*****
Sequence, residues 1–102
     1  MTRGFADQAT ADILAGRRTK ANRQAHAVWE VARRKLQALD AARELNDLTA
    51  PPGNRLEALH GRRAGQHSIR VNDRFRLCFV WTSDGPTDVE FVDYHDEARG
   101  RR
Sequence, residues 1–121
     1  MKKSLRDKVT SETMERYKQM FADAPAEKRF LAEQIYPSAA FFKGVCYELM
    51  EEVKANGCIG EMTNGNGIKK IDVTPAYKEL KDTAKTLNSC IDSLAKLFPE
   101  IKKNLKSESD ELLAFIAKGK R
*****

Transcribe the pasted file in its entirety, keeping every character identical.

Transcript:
Sequence, residues 1–102
     1  MTRGFADQAT ADILAGRRTK ANRQAHAVWE VARRKLQALD AARELNDLTA
    51  PPGNRLEALH GRRAGQHSIR VNDRFRLCFV WTSDGPTDVE FVDYHDEARG
   101  RR
Sequence, residues 1–121
     1  MKKSLRDKVT SETMERYKQM FADAPAEKRF LAEQIYPSAA FFKGVCYELM
    51  EEVKANGCIG EMTNGNGIKK IDVTPAYKEL KDTAKTLNSC IDSLAKLFPE
   101  IKKNLKSESD ELLAFIAKGK R